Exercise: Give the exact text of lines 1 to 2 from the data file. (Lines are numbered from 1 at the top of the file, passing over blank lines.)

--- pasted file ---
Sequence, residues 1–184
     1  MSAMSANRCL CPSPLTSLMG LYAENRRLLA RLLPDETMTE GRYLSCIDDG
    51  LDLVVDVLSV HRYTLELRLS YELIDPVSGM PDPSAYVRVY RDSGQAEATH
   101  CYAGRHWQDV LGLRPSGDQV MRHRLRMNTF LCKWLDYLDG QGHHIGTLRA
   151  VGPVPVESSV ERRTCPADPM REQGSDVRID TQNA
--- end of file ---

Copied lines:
Sequence, residues 1–184
     1  MSAMSANRCL CPSPLTSLMG LYAENRRLLA RLLPDETMTE GRYLSCIDDG